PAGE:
Democrats blast new effort for drug card

WASHINGTON: A GOP public affairs shop and a grassroots advocacy group won unwelcomed attention last week for offering $4,000 to healthcare consultants who could provide senior citizens willing to publicly praise the new Medicare drug discount card.

WASHINGTON: A GOP public affairs shop and a grassroots advocacy group won unwelcomed attention last week for offering $4,000 to healthcare consultants who could provide senior citizens willing to publicly praise the new Medicare drug discount card.

Democrats and government watchdog groups slammed DCI and Retire Safe for what they called an "artificial grassroots campaign."

"It is pathetic, but not surprising, that front groups allied with the Bush administration are using the worst marketing tactics of HMOs and drug companies to 'sell' seniors their terrible Medicare bill," House minority leader Nancy Pelosi (D-CA) told The Hill newspaper. "Paying health professionals to endorse federal legislation is wrong."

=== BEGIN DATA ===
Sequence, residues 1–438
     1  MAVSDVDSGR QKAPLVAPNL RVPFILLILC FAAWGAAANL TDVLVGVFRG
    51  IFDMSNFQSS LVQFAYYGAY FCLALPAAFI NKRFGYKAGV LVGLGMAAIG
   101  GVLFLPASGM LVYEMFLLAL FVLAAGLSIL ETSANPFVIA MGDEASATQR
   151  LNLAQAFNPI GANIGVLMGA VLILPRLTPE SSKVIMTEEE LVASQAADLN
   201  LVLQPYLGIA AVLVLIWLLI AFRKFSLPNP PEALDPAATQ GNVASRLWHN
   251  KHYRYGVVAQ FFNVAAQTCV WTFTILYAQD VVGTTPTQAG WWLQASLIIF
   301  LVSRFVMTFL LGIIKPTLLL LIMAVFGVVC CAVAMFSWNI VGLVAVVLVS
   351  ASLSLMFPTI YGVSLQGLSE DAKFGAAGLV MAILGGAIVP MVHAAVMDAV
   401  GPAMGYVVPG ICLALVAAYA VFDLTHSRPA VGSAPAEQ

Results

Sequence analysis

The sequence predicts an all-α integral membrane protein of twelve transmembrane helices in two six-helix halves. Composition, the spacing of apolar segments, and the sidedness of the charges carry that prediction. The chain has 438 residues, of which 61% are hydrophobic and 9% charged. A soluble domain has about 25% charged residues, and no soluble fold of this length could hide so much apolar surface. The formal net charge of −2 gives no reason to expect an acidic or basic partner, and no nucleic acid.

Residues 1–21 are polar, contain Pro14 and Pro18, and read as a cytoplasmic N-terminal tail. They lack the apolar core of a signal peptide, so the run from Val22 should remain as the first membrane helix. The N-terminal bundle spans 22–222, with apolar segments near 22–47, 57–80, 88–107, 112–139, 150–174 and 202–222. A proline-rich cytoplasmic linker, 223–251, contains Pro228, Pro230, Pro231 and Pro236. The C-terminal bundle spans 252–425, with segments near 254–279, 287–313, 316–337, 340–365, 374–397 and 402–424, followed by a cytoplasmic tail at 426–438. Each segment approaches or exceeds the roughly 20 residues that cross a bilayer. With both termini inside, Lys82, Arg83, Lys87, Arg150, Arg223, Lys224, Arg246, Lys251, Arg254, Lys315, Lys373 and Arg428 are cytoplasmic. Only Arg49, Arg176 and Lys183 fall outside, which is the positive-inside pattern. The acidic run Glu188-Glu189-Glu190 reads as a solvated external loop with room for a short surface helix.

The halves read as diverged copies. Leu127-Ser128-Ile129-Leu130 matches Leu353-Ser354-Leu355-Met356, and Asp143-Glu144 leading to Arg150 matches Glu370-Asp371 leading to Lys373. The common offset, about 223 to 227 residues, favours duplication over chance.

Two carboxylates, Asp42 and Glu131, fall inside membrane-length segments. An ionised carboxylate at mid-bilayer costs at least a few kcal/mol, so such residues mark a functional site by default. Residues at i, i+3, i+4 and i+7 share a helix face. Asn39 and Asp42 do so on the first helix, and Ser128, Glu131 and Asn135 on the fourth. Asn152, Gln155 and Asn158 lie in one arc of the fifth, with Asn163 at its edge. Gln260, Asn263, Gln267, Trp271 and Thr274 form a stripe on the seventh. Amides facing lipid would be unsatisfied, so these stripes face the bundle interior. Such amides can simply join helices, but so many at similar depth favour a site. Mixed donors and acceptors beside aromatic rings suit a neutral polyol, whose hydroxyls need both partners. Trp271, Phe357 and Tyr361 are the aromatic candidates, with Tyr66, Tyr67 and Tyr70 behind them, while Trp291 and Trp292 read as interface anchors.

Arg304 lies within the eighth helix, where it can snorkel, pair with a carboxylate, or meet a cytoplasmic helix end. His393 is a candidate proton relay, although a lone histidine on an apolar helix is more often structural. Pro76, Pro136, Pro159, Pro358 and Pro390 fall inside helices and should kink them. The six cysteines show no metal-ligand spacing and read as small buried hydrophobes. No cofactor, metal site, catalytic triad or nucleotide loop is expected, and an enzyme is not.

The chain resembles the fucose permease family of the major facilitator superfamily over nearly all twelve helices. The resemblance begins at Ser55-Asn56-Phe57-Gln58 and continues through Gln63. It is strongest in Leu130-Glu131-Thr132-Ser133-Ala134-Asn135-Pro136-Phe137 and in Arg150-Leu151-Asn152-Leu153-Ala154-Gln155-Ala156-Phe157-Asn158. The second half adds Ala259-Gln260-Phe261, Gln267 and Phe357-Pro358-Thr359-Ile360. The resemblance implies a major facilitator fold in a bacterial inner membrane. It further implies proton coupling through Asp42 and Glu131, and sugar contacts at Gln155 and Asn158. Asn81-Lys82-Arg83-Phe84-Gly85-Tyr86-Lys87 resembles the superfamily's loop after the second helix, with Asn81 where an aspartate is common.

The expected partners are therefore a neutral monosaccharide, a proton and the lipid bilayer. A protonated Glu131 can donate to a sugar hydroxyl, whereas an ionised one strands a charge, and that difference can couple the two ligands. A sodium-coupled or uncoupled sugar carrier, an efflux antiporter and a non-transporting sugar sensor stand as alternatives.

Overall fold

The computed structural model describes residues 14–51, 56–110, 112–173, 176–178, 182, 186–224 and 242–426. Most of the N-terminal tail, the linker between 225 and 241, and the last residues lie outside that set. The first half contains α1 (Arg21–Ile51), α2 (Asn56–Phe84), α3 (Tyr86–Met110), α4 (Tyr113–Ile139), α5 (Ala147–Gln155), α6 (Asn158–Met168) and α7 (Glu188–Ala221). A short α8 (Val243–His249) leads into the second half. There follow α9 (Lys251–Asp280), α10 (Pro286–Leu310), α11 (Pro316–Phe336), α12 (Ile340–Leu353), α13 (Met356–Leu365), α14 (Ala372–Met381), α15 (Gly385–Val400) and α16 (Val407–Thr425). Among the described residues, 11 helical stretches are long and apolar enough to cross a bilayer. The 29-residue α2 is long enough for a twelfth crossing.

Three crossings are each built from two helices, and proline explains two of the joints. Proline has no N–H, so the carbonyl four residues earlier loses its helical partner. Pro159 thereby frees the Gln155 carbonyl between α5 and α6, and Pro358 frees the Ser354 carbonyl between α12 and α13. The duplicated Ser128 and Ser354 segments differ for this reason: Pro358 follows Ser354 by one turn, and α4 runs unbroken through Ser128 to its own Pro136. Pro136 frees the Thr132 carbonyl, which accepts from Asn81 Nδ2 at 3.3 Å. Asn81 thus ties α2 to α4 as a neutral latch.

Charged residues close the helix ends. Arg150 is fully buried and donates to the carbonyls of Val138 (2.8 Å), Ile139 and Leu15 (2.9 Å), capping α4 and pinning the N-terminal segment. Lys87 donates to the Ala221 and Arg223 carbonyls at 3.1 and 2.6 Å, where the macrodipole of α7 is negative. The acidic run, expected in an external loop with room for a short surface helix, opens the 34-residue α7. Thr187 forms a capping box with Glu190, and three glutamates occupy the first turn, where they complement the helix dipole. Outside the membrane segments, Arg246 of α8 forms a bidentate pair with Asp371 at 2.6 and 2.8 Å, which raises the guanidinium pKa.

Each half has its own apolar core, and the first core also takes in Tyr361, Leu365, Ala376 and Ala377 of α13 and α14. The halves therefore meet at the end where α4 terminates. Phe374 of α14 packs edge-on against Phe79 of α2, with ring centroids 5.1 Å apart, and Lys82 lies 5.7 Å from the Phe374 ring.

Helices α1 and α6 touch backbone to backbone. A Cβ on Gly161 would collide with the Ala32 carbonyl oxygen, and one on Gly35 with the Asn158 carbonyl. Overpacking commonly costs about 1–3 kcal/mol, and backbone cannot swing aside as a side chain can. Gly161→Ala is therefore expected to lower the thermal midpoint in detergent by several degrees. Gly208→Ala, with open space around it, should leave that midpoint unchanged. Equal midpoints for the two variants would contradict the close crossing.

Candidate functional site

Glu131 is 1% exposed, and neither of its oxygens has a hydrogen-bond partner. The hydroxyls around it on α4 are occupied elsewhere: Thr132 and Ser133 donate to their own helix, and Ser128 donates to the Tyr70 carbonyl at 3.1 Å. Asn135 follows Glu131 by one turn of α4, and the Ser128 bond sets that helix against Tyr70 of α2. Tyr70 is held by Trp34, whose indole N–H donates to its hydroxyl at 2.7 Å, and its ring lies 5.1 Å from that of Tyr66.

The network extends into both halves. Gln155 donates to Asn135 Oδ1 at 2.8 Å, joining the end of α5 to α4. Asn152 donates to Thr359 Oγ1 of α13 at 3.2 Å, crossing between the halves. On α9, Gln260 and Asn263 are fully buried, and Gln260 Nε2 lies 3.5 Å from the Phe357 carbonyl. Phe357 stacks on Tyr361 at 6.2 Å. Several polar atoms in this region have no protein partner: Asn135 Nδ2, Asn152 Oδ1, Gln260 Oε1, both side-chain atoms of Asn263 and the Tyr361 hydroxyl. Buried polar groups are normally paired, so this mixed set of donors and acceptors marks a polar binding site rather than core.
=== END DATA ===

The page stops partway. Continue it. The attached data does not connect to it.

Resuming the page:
DCI referred calls to Retire Safe, its client. The group issued a statement defending itself but did not deny the claims.

"Critics have been running a campaign against this bill for a year or more - our effort is tiny compared to the massive opposition, based on misinformation and scare tactics," it read. "We hope that through our efforts, more seniors learn about the benefits of the bill."

Public affairs efforts on both sides of the Republican-backed Medicare reform bill have been intense. The investigative arm of Congress earlier this year faulted Ketchum and HHS for crossing the line in their publicly funded campaign to "explain" the bill to seniors, finding instead that they were promoting it.

And Public Interest Watch, a watchdog group for the abuse of public funds, later accused Ketchum of advocating both sides of the issue for its work with the American Society of Clinical Oncology (PRWeek, September 13).

Charles Rangel (D-NY), the House Ways and Means Committee ranking member, was quoted in The Hill as saying, "I don't know if there is better testimony that the Republican drug card is a flop than the fact that a Republican political group is offering bounties to anyone who finds that rare senior who might say publicly that they like it."

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